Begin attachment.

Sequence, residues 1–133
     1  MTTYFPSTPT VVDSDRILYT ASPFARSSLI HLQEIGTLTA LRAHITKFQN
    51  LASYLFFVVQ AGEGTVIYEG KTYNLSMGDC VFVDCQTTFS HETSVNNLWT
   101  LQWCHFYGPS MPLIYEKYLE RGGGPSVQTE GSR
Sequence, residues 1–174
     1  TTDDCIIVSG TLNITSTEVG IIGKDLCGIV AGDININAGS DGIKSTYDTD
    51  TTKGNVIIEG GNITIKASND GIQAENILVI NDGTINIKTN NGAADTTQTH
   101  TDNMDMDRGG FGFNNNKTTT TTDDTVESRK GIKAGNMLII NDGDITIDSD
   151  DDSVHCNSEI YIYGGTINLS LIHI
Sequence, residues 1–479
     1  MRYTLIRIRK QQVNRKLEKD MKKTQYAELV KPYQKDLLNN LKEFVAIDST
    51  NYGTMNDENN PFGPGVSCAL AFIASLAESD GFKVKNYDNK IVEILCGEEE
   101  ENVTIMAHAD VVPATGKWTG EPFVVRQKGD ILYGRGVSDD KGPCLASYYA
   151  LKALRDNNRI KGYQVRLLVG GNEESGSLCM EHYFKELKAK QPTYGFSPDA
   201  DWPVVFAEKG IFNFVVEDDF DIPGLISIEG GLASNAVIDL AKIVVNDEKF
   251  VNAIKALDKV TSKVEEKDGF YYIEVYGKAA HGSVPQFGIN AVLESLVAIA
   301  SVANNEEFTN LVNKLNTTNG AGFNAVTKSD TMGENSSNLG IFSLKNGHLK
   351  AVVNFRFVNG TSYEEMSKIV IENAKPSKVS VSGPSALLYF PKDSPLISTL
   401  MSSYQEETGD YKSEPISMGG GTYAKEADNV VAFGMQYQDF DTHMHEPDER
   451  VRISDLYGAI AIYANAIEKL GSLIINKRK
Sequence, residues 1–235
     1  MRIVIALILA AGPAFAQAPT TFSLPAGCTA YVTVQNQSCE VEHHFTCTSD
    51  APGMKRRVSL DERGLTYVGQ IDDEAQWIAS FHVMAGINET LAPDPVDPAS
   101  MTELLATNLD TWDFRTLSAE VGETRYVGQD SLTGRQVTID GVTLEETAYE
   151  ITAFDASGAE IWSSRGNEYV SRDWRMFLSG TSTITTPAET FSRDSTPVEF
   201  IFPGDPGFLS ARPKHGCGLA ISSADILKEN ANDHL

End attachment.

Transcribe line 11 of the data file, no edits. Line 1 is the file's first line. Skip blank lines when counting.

     1  MRYTLIRIRK QQVNRKLEKD MKKTQYAELV KPYQKDLLNN LKEFVAIDST